Teaching Preschoolers to Read

Teaching Preschoolers to Read

This is a summary article. More information, including sources can be found at newcastleschool.com

Ask yourself, “Why were America’s children better readers in the mid 1900’s than they are in now that we have TV, computers and a rush to get kids to read younger and faster?”

The answer is that faster isn’t better!

Children must master the language of things before they master the language of words

Friedrich Froebel, Pedagogics of the Kindergarten, 1895

In that one sentence, Froebel, father of the kindergarten, expressed the essence of early-childhood education. Children are not born knowing the difference between red and green, sweet and sour, rough and smooth, cold and hot, or any number of physical sensations. The natural world is the infant’s and young child’s first curriculum, and it can only be learned by direct interaction with things. There is no way a young child can learn the difference between sweet and sour, rough and smooth, hot and cold without tasting, touching, or feeling something. Learning about the world of things, and their various properties, is a time-consuming and intense process that cannot be hurried.

The modern science of how preschoolers learn demonstrates that the logical structure of reading and math requires *syllogistic reasoning abilities on the part of the child (*Reasoning from the general to the specific or a deduction).  Most young children do not attain this form of reasoning until the age of five or six.  It makes little sense to concentrate instruction in reading and math at age three to four.  A balanced approach is more appropriate. The theory is borne out by longitudinal studies that show that children who have been enrolled in non-balanced programs eventually lose whatever gains they made vis-à-vis control groups by second or third grade.

The guiding principle of early-childhood education is, then, the matching of curriculum and instruction to the child’s developing abilities, needs, and interests. This principle is broadly accepted and advocated by most early-childhood educators. The National Association for the Education of Young Children (NAEYC) has issued a policy statement entitled “Developmentally Appropriate Practice in Early-Childhood Programs.”

There is also an abundance of supporting evidence. Evidence attesting to the importance of developmentally appropriate education in the early years comes from cross-cultural studies. In French-speaking parts of Switzerland, where reading instruction is begun at the preschool level, a large percentage of children have reading problems. In German-speaking parts of Switzerland, where reading is not taught until age six or seven, there are few reading problems. In Denmark, where reading is taught late, there is almost no illiteracy. Likewise in Russia, where the literacy rate is quite high, reading is not taught until the age of six or seven.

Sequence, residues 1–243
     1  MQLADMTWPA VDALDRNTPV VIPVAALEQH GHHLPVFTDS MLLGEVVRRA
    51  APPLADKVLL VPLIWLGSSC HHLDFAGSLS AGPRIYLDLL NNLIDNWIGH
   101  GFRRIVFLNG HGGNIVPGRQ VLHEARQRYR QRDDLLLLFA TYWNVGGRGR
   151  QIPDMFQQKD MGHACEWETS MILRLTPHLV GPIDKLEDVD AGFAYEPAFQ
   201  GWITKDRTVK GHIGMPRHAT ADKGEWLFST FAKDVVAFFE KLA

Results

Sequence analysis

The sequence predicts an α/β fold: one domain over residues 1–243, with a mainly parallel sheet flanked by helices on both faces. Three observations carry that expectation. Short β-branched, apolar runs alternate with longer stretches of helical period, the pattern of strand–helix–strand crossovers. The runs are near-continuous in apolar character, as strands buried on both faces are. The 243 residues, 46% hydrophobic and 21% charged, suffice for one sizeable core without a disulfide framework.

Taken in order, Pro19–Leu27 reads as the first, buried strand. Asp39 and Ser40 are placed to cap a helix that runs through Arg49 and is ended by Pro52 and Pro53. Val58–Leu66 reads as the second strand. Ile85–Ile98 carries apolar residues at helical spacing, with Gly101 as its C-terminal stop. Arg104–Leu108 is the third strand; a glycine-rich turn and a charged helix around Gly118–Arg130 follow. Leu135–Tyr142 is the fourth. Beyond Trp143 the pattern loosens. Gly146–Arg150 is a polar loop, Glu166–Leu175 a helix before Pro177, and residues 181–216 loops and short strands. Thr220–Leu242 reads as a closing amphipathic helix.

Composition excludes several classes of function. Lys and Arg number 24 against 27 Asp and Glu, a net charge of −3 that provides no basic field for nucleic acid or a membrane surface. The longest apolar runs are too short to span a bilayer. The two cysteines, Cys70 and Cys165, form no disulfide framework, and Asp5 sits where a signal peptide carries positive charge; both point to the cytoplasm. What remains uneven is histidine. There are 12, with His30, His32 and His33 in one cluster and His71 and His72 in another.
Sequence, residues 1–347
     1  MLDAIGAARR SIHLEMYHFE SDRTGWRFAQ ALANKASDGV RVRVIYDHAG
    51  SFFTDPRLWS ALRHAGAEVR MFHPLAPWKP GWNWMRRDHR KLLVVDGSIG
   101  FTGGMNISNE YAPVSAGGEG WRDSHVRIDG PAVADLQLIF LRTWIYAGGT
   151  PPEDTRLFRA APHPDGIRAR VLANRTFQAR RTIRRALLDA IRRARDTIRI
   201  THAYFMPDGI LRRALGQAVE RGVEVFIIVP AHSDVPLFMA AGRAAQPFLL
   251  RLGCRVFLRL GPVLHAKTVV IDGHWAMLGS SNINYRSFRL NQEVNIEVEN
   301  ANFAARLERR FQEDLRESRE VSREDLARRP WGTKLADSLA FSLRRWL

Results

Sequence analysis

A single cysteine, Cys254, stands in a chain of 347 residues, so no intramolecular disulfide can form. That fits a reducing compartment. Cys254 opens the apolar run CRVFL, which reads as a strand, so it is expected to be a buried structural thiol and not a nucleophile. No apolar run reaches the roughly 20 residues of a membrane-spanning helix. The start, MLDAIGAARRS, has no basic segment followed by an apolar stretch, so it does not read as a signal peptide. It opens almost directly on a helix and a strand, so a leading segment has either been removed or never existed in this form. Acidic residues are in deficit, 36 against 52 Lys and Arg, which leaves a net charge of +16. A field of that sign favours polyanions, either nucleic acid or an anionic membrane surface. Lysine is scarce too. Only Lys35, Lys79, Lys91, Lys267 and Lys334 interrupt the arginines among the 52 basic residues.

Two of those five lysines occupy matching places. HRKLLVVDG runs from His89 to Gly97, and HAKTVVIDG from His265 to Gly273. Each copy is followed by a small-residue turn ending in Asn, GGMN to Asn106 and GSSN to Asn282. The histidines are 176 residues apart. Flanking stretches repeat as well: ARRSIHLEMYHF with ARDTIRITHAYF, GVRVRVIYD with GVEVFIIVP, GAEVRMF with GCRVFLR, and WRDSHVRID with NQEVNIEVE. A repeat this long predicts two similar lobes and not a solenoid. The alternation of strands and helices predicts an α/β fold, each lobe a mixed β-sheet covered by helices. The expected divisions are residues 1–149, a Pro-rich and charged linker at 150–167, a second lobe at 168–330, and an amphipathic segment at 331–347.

There is also evidence that when teachers push children who may not be developmentally ready, it can backfire and a child can lose motivation.

Yet there is a continuing call for early-childhood educators to engage in the heavy handed academic training of young children, particularly memorization reading.

Why, when we know what is good for young children, do we persist in miseducating them, in putting them at risk for no purpose? The short answer is that the movement toward academic training of the young is not about education. It is about parents anxious to give their children an edge in what they regard as an increasingly competitive, technical and global economy.  That may be well intentioned but for most children it can be a big mistake.

The Newcastle School provides developmentally appropriate reading and literacy training to 3-5 year olds.  The curriculum was developed by Kathleen Jensen MA Ed.  That curriculum provides whole language and phonics instruction within a framework that generally follows the guidelines of the NAYEC.  The 4-5 pre-k literacy curriculum is considerably more complex than the 3-4 preschool curriculum but it is still is age-appropriate.

For three decades Newcastle School has received high marks from both pediatricians and elementary school teachers for this comprehensive approach to academics. Newcastle generally follows these portions of the NAEYC guidelines:

Reading during the preschool years


Young children need developmentally appropriate experiences and teaching to support literacy learning. These include but are not limited to

  • positive, nurturing relationships with adults who engage in responsive conversations with individual children, model reading and writing behavior, and foster children’s interest in and enjoyment of reading and writing;
  • print-rich environments that provide opportunities and tools for children to see and use written language for a variety of purposes, with teachers drawing children’s attention to specific letters and words;
  • adults’ daily reading of high-quality books to individual children or small groups;
  • opportunities for children to talk about what is read and to focus on the sounds and parts of language as well as the meaning;
  • teaching strategies and experiences that develop phonemic awareness, such as songs, fingerplays, games, poems, and stories in which phonemic patterns such as rhyme and alliteration are salient;
  • opportunities to engage in play that incorporates literacy tools, such as writing grocery lists in dramatic play, making signs in block building; and
  • first hand experiences that expand children’s vocabulary, such as exposure to various tools, objects, and materials.